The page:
Consumer and business confidence in Bahrain is almost back to normal and investors are still interested in setting up business in the island nation, after protests rocked the Gulf country five months ago, Industry and Commerce Minister Hassan Fakhro said.
The number of companies that registered with the ministry from May through July was 30 percent higher than in the same period last year, Fakhro said in an interview at the ministry Aug. 22. The number of shoppers at City Center, the country’s biggest mall, was 8.5 percent higher in July than a year earlier, he added.
“I am very optimistic,” said Fakhro. “I am now more optimistic than I was in April or May because I’ve seen the return to normality and I’ve seen things are happening by the day.”
Fakhro’s outlook for the economy comes amid tensions lingering from the month of demonstrations that began in February and were mostly led by Shiite Muslim protesters calling for change. The Shiites say the measures the Sunni-led leadership has taken to calm the situation, including releasing political detainees, hosting a national dialogue and setting up an independent fact-finding commission to look into allegations of human rights abuses, are not enough.The unrest has hurt the economy of the country, which has promoted itself as a business center to rival nearby Dubai.
The economic cost is $1.5bn to $2bn, Esam Fakhro, chairman of Bahrain Chamber of Commerce and Industry, said in an interview with the Asharq al-Awsat newspaper published August 8. Gross domestic product shrank 1.4 percent in the first quarter from the previous three months. The central bank cut its economic growth forecast this year by two percentage points to 3 percent, Governor Rasheed al-Maraj said in a June 16 interview.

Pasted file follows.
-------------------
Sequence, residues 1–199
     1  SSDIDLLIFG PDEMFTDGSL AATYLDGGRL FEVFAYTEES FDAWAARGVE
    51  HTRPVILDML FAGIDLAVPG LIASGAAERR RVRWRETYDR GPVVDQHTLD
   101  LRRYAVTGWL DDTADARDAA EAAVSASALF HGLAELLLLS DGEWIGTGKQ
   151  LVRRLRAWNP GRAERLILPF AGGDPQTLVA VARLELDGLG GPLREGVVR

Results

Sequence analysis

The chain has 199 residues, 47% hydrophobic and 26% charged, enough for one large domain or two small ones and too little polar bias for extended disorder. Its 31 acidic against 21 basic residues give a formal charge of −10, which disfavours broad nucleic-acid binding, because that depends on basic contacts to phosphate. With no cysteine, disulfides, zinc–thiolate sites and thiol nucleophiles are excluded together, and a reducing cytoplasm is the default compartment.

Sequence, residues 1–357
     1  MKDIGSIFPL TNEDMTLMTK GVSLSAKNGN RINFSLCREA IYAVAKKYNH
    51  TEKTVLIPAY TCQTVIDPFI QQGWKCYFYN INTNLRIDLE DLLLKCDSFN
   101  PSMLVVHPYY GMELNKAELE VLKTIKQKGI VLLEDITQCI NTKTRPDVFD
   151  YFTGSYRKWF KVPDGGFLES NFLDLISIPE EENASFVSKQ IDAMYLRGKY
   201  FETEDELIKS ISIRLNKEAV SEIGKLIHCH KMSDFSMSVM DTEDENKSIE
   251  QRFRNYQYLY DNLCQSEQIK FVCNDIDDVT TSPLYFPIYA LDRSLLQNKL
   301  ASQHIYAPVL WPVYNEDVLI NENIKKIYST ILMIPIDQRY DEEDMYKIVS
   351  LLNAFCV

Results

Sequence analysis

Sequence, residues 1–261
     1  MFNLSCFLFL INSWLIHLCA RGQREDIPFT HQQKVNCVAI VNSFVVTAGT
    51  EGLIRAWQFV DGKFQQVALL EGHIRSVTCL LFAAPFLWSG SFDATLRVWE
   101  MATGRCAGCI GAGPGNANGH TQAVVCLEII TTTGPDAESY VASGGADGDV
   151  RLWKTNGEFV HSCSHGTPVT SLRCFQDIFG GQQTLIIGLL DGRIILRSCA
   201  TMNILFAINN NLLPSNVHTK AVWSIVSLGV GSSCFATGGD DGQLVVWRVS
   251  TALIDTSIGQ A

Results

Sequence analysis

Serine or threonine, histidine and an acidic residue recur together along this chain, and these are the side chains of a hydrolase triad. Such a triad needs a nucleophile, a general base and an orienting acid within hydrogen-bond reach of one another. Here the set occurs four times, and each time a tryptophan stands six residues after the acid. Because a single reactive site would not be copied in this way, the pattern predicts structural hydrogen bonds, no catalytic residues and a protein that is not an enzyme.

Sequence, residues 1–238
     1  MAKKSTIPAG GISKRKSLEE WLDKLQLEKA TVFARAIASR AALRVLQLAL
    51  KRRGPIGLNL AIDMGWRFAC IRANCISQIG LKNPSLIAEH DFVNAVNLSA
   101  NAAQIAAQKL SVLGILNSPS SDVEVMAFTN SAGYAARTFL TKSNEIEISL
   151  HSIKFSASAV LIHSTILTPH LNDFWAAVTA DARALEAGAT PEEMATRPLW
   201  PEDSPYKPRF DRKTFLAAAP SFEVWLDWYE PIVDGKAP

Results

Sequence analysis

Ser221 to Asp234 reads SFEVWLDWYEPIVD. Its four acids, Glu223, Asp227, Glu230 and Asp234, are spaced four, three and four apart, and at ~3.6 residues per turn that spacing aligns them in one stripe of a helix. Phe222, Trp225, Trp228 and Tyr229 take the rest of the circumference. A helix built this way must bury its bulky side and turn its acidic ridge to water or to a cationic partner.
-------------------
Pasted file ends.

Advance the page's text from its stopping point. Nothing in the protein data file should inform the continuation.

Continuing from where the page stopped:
Credit Agricole, France’s second-largest bank by assets, will relocate its regional headquarters out of Bahrain, two bankers familiar with the matter said last week.
Fakhro declined to comment on Credit Agricole’s decision, saying his ministry doesn’t handle banks. Foreign companies haven’t lost interest in setting up in Bahrain, he said.
“If you consider the problems of February and March, I think it’s very gratifying,” the minister said.Fakhro said a group of multinational investors in building materials and industrial products told him in April they are looking at setting up a major company that will be registered in Bahrain and do business in the Middle East and North Africa.“It will be a mega company that will turn over $125bn in 10 years and will serve the entire MENA region,” he said. “They’re raising the capital and doing various bits and pieces.”
From / Arabian Business news